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Views from the Center

CGD experts offer ideas and analysis to improve international development policy. Also check out our Global Health blog and US Development Policy blog.

 

Food Aid, With a Twist

This is a joint posting with Rebecca Schutte
Is purchasing food aid locally the answer to higher global food prices and the inefficiencies associated with imported food aid? The World Food Program (WFP), the Bill and Melinda Gates and Howard G. Buffett Foundations seem to think so. While donors and international organizations have been purchasing food aid in recipient countries for years, the idea got a new boost in late September with the "Purchase for Progress (P4P)" initiative. The idea is simple: Rather than import food aid from the U.S. or Europe, WFP will purchase food commodities for distribution within the same country or region. As Josette Sheeran, WFP executive director, explained, "Purchase for Progress is a win-win -- we help our beneficiaries who have little or no food and we help local farmers who have little or no access to markets where they can sell their crops." The program will be piloted in twenty-one countries in 2008/2009, fourteen of which are in sub-Saharan Africa.

What Happened to Japan's Rice Pledge?

Earlier this year, with the food crisis in the daily headlines, the world's leaders made promises -- first in Rome at an FAO gathering in June and then at the G-8 summit in Japan the following month -- to make a concerted effort to provide relief for the world's poor.

Scrap the G8

Once again the G8 has come up tragically short on climate change and a host of urgent problems affecting poor people in developing countries. The good news is that they are at least discussing the right topics. The first Hokkaido G8 document, on the World Economy spills lots of ink on relations between rich and developing economies, including for example, reaffirmation of support for the Extractive Industries Transparency Initiative.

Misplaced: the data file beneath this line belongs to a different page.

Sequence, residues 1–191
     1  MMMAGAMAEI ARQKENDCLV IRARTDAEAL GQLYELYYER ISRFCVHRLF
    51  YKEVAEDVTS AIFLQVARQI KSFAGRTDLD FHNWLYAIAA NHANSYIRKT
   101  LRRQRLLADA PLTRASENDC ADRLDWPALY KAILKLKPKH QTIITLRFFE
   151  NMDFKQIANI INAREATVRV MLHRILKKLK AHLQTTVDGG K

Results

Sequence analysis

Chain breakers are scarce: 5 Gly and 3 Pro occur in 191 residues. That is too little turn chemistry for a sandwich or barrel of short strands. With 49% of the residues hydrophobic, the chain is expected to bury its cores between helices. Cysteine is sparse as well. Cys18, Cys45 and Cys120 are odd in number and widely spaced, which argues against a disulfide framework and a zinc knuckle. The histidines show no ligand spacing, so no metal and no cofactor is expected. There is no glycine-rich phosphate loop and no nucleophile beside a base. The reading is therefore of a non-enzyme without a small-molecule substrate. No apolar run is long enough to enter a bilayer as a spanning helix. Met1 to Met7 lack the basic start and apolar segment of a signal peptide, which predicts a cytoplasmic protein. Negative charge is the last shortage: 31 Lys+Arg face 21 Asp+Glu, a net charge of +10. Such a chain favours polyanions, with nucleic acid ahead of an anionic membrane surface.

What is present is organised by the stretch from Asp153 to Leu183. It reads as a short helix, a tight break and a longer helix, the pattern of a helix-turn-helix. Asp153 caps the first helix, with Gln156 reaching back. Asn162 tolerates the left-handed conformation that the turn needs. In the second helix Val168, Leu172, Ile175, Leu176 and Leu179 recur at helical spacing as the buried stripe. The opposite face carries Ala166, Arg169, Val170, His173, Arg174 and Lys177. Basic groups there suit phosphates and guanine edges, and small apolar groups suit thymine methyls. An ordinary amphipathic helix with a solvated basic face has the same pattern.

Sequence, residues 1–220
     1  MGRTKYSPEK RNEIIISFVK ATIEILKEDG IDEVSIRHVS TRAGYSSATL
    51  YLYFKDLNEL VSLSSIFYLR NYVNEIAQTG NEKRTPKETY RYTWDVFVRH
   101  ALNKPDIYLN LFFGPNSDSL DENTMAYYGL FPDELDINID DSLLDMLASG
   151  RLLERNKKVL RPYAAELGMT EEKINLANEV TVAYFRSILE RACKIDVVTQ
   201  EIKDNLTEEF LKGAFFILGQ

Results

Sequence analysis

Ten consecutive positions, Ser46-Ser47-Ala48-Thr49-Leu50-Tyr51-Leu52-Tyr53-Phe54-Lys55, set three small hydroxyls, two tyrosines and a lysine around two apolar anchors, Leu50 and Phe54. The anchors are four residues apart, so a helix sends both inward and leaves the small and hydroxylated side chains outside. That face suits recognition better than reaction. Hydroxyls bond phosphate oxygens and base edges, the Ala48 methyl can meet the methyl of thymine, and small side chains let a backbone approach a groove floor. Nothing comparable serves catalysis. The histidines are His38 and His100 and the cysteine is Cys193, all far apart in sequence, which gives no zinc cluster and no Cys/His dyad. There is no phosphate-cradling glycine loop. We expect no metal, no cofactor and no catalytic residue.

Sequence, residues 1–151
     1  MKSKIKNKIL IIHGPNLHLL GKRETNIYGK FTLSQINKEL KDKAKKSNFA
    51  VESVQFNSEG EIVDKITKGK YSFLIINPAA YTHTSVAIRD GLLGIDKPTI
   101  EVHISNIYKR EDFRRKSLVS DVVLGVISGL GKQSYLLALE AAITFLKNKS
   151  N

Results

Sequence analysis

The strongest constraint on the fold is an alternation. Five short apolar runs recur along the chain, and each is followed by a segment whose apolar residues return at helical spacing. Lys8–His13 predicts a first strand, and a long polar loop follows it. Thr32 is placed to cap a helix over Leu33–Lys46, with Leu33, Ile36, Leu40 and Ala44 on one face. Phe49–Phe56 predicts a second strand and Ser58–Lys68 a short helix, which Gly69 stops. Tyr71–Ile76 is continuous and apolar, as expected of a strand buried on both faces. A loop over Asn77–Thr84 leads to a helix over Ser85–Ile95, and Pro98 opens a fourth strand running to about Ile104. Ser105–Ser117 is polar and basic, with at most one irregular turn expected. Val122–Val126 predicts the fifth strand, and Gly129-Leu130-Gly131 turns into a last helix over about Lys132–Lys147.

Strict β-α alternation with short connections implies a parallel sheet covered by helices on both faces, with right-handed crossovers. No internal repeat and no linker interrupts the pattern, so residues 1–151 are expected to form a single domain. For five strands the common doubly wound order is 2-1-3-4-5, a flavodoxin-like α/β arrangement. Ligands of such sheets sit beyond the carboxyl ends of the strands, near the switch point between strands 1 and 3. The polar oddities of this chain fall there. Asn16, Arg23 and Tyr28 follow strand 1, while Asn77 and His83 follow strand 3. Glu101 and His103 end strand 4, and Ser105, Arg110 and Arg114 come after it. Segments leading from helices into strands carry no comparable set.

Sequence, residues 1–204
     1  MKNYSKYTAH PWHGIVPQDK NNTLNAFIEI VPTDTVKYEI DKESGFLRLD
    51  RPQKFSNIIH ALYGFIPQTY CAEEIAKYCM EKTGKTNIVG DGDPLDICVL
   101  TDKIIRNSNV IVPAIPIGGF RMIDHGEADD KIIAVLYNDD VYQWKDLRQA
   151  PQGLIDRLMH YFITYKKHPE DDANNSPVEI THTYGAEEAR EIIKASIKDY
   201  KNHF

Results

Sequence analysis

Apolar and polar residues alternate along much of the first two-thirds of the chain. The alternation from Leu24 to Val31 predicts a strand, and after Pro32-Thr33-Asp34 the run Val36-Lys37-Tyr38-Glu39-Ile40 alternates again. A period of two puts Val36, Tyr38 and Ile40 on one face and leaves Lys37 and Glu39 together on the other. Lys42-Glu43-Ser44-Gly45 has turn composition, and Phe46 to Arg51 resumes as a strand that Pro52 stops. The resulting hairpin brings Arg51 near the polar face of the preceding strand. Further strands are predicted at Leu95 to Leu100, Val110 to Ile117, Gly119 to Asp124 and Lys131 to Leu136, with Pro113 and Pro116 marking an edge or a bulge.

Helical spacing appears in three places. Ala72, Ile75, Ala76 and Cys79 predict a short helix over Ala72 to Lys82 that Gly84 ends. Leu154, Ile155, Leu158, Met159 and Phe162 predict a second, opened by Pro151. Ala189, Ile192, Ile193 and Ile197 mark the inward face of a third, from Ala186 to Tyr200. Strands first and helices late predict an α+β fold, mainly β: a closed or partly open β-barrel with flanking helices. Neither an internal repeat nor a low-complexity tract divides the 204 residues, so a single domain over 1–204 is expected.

Rice Prices Fall After Congressional Hearings But Crisis Not Over Yet

This post is joint with Tom Slayton, a rice trade expert and former editor of The Rice Trader
It has been a busy week in the rice markets following CGD's release on Monday of our note about how to puncture a speculative price bubble that threatens millions of people with malnutrition and worse (see Unwanted Rice in Japan Can Solve the Rice Crisis--If Washington and Tokyo Act ). On Wednesday our proposal was discussed at hearings on the world food crisis in both the House and Senate.

President Bush Can and Should Do More to Address the Food Crisis: Let Japan Sell Its Rice Reserves

This posting is joint with Vijaya Ramachandran

Today, President Bush called on Congress to provide another $770 million in food aid, in addition to the $200 million already allocated through the Department of Agriculture,in order "to keep our existing food aid programs robust."

There is no doubt that these additional funds are much needed to purchase and distribute food to those who are suffering greatly from the current spike in food prices. But the U.S. can and should do more. Specifically, the U.S. must allow Japan to sell, at full cost on Japanese books, the 1.5
million metric tons of rice that it has in storage. About 600,000 tons is
Thai and Vietnamese long-grain rice (high quality) and the rest is US medium
grain (good rice). All of the rice is in Japanese warehouses because of an
agreement with the World Trade Organization, and the U.S. as "cognizant
observer" of the rice agreement, would need to approve the sale of both
the
US and the Thai/Vietnamese rice. Japan currently cannot release this rice
to the World Food Program (or to the world market) without permission from
the U.S., and the Bush administration is yet to move on this.

How NOT to Fix the Global Food Crisis -- France Says Poor Countries Should Provide EU-Style Farm Subsidies, while U.S. Farm Bill Puts Vested Interests First

And now for a really bad idea: according to the Financial Times Michel Barnier, France's farm minister, told a food crisis summit in Berne that Africa and Latin America should adopt their own versions of Europe's Common Agricultural Policy -- massive trade-distorting subsidies -- as a response to rising demand for food.

Trade Policy for a New Deal on Hunger

This is a joint post with Arvind Subramanian

In a Q&A published today, CGD non-resident fellow Peter Timmer estimates that soaring global food prices and panicky starve-thy-neighbor rice export restrictions in Asia could lead to 10 million or more premature deaths in the region if the current high prices are passed along to poor rice consumers.

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